Afternoon Song

A poem by Charles Baudelaire

Though your eyebrows surprise,
and give you an air of strangeness,
which isn’t that of the angels,
witch with seductive eyes,

I adore my frivolous girl,
my terrible passion,
with the devotion
of a priest for his idol!

The forest and the desert
perfume your wild hair:
your head has an air
of the enigma, the secret.

Round your flesh, perfume sweet
swirls like a censer’s cloud:
you bewitch like the twilight’s shroud,
nymph of shadows and heat.

Ah! The strongest potions made
can’t match your idleness,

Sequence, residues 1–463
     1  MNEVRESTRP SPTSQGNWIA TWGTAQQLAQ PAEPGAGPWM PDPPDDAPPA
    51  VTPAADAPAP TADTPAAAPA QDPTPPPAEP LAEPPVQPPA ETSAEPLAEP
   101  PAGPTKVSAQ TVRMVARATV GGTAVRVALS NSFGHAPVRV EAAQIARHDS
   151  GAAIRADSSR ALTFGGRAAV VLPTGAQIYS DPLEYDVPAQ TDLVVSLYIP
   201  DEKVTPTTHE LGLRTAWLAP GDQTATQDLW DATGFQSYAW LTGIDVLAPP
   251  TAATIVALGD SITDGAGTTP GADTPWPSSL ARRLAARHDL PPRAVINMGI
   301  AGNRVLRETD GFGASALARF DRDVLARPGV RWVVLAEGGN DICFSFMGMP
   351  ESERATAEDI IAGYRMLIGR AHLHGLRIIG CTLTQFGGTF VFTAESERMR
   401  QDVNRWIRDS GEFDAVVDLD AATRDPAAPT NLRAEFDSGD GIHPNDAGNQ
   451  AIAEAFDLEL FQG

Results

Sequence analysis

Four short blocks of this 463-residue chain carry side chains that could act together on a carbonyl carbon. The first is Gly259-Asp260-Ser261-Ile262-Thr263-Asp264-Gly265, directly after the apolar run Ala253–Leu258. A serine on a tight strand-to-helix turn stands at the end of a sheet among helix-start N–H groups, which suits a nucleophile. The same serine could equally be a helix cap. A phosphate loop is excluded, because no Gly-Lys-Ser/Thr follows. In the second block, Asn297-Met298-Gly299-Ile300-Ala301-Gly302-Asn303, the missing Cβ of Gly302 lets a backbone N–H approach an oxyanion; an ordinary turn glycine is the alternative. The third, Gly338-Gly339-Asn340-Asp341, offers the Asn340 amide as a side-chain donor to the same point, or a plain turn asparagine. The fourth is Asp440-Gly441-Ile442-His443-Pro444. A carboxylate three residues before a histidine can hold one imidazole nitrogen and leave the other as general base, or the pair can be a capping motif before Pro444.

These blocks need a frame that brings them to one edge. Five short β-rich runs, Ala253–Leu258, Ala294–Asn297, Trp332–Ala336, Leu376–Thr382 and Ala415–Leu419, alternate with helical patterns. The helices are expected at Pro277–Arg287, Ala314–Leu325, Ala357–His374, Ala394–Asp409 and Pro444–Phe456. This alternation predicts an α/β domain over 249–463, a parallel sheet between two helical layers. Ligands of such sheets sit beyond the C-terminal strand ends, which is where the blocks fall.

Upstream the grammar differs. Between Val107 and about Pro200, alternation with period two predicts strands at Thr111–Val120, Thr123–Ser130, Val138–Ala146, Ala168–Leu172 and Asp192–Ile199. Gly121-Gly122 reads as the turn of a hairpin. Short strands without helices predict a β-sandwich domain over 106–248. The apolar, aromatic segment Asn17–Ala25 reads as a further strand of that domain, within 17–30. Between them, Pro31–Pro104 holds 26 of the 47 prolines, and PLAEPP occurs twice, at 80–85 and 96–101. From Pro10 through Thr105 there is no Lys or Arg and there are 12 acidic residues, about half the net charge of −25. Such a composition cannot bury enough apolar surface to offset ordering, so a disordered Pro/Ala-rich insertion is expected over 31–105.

and you know the caress
that resurrects the dead.

Your hips are enamoured
of your back and your breasts,
and the cushions are ravished
with your poses, so languid.

Sometimes to appease
your rage, mysteriously,
you lavish, gravely
your bites and your kisses.

You tear me, my dark-haired one,
with a mocking smile’s art,
and then cast on my heart
your gaze sweet as the moon.

Under your shoes so satiny,
your graceful silken feet,
I lay my genius, my wit,
my joy, and my destiny,

restorer of my health’s sweetness,
you, all color and light,
explosion of warmth, bright
in my Siberian darkness.

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